Something’s Not Right With Kris Bryant’s Swing Mechanics

It doesn’t take an expert to understand that Kris Bryant hasn’t looked quite like himself this season, which is why I’m here to take a look at what could be hampering his production. Without discounting the wrist injury he suffered on a diving catch in Cleveland, which could absolutely be exacerbating matters, the mechanical flaws with his swing were evident before that.

Those who had the opportunity to watch the broadcast of Monday night’s game on Marquee may have heard Jim Deshaies say it appeared as though Bryant was “pushing” his bat through the zone. That struck me because it was not only similar to what I’d noted earlier, it’s something I’ve worked with my son and other young hitters to eliminate. Please note that I am not trying to claim my work with 11U kids is directly applicable here, only that it’s clued me in to certain issues.

My initial observation with Bryant was that he may have been keeping his bat too flat at the load phase, thereby lengthening his swing path and possibly making his vertical bat angle too steep. Prior to engaging his swing, Bryant adopts his familiar wide stance and rests the bat on his shoulder with the barrel below his hands. The barrel still comes up as he loads in preparation for his swing, but it doesn’t appear that he’s getting it high enough.

That means the it has to travel a greater distance in order to get into the hitting zone, which would explain why Bryant has been late on fastballs with less than elite velocity. That flatter load position could also be responsible for the issue JD noted, as Bryant might be compensating for the extra length in his swing by getting his hands going a little early rather than letting his hips initiate the movement.

Finally, pushing or dragging the bat through the hitting zone — particularly with a wrist weakened even slightly by injury — could cause the back elbow to slide forward without getting anchored to the rib cage. The result is a barrel that is both too far behind and possible too far below the hands. Again, this fits with Bryant swinging through pitches he’d normally tag.

While I certainly don’t know when and where these particular issues originated, the long layoff and subsequent sporadic nature of Bryant’s playing time may be preventing him from identifying and correcting them. The good news is that he has been making little adjustments here and there throughout his entire life and has an excellent coaching staff that I’m sure will have noticed these same flaws even before reading this post.

Ed. note: Hey, ‘Poce, my DMs are open if you need to chat.

When you really get down to it, we’re talking about changing things by fractions of inches and/or seconds. Getting the bat a little higher a little earlier could be the difference between swinging through a cutter or sinker and depositing it 25 rows deep in left-center. As we saw from his at-bat just after rolling over his wrist in Cleveland, Bryant can still do just that.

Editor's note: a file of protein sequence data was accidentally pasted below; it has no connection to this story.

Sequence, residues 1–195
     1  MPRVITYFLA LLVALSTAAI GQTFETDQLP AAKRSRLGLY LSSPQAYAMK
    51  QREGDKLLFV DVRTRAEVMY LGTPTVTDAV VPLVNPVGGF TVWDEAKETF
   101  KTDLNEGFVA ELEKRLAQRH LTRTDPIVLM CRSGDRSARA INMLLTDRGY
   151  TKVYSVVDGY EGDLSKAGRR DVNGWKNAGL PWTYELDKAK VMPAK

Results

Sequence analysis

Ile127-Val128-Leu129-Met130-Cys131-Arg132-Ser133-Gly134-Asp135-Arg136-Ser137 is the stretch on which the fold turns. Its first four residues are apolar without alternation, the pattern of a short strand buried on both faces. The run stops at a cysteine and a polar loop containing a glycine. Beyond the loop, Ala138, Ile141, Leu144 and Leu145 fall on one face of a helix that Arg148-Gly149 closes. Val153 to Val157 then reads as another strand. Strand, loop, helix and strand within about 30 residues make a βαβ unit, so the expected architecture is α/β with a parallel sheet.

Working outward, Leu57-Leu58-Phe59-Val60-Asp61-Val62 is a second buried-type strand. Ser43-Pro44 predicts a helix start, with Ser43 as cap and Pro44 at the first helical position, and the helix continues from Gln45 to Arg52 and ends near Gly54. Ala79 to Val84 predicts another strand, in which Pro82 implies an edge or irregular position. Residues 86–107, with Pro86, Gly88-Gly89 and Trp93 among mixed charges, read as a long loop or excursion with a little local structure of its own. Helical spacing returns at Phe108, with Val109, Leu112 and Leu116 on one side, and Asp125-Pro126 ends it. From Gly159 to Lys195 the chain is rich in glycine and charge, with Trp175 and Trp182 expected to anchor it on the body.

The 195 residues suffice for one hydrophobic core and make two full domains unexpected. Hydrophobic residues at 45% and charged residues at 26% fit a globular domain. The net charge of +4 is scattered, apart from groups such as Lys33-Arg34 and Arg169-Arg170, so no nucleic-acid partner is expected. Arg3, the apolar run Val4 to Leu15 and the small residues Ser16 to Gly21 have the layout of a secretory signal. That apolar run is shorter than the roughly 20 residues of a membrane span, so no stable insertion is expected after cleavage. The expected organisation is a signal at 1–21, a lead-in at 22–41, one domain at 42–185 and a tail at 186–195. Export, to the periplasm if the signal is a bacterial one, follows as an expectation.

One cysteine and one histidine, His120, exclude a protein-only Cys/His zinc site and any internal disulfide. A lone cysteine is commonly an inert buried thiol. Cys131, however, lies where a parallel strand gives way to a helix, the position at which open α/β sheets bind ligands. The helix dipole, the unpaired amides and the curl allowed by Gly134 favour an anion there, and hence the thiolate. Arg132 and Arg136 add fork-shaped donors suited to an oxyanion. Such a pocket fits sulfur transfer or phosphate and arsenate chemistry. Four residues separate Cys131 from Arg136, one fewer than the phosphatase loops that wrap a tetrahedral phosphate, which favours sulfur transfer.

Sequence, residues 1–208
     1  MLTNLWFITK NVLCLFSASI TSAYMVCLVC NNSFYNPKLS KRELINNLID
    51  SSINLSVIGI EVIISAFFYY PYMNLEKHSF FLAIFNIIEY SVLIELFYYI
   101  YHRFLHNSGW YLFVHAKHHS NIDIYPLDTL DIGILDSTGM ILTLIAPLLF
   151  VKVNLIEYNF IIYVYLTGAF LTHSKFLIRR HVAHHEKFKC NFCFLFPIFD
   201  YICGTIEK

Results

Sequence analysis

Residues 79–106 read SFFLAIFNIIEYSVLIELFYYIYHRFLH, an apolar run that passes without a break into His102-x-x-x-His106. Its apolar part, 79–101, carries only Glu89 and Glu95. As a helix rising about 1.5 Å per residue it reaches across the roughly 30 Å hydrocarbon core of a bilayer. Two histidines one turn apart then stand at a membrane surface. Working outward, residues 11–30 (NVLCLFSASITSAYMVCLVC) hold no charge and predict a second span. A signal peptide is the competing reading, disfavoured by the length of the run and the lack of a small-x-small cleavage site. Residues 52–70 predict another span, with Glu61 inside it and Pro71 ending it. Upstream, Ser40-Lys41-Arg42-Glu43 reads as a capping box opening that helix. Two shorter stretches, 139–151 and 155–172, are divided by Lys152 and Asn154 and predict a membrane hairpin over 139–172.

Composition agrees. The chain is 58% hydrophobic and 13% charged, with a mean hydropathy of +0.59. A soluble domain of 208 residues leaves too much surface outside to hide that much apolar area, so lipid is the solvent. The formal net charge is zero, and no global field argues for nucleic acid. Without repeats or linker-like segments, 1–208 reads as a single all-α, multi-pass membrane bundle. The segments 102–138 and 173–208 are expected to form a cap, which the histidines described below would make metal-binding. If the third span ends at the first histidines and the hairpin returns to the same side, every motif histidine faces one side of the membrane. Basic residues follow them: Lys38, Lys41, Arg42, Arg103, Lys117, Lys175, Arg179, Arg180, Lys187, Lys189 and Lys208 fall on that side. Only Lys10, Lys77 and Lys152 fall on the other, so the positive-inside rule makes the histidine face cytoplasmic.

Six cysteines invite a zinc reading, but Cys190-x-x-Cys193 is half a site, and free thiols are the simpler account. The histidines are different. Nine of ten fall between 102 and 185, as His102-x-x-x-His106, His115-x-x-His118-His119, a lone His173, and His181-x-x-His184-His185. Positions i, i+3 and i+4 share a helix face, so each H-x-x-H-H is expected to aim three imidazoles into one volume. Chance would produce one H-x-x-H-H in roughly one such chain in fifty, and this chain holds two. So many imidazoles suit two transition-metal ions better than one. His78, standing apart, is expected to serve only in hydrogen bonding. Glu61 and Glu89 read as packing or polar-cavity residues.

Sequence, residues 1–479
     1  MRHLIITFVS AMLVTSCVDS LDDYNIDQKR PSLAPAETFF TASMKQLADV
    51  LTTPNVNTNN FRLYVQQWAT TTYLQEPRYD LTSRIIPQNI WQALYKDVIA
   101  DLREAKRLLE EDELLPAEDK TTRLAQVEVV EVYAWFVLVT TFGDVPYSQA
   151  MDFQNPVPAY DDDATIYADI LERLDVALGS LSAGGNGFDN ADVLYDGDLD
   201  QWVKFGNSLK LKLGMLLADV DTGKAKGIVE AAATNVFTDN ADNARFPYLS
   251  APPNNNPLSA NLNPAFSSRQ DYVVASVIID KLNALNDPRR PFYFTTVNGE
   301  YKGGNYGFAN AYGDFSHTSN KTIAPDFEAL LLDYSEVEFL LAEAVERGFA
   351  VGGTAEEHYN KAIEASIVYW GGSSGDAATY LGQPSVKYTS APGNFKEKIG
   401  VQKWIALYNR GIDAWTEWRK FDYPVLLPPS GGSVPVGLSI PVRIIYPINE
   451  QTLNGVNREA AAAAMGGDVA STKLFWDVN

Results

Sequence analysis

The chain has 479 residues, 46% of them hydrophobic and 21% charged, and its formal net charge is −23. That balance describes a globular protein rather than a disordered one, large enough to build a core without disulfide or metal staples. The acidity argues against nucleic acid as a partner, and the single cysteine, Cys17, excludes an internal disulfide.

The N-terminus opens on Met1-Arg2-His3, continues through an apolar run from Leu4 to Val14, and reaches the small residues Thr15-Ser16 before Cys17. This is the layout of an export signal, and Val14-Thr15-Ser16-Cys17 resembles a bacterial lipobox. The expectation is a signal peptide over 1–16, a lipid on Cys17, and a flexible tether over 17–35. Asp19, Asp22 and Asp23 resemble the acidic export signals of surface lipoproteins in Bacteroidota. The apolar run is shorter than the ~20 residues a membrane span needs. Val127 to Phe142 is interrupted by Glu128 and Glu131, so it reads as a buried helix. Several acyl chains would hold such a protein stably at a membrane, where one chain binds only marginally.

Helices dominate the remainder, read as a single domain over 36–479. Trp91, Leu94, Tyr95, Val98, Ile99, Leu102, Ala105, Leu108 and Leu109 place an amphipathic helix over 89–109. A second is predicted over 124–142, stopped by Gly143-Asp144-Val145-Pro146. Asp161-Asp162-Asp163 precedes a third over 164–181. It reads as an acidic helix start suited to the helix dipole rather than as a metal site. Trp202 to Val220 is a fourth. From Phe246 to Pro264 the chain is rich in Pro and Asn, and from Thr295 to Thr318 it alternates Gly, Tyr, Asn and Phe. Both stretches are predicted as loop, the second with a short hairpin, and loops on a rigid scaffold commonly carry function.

Doing so consistently, however, is another matter entirely and one that can’t just be changed by knowing what he needs to do differently. There are a variety of potential culprits here, both physical and mental, something David Ross acknowledged on Monday.

“He’s battling a lot of things right now,” Ross said after the nightcap. “He wants to have results. He wants to be great.”

Ross told reporters that his superstar third baseman is playing at less than 100% while dealing with bumps and bruises, but those things can affect a hitter psychologically as well. The body is a compensation machine and it will find ways to accomplish tasks in a new way if it’s unable to perform optimally, which can lead to struggles with performance. Those then lead to frustration and the erosion of confidence, which can manifest in additional physical issues.

Again, I’m not trying to present anything here as gospel and I don’t want to oversell my very limited credentials when it comes to breaking down an MVP’s swing. I do, however, have some pretty detailed knowledge of this particular hitter’s swing and I feel reasonably confident that what I’ve laid out here is a bit more than just half-cocked theory. It’s at least three-quarter cocked, by my estimation.

My final theory is that all it’ll take for KB to get back to himself is a little hard work and maybe a mistake pitch or three. There’s no cure for a slump like confidence, and nothing breeds confidence like a big game. Maybe even moving him around in the lineup for a bit would help to recalibrate his perception and provide a stronger catalyst for change. Hey, that could even rub off on the guy hitting two spots behind Bryant in the lineup.

Update: Bryant is not in Tuesday’s lineup after seeing a wrist specialist and receiving an injection, presumably cortisone or something similar. David Ross told the media prior to Tuesday’s game that Bryant needed to rest at least two days, which puts Friday’s game against the White Sox as his earliest possible return.

Ross said they’ll determine later whether an IL stint is necessary, but that they’ve not reached that point yet. This may well be one of those injuries that won’t fully heal by the time the season ends and can’t really be worsened by playing. If that’s the case, Bryant and the training staff just need to do everything possible from a therapy and rest standpoint to minimize discomfort.

Wrists are tricky though, so we’ll all just have to wait and see.

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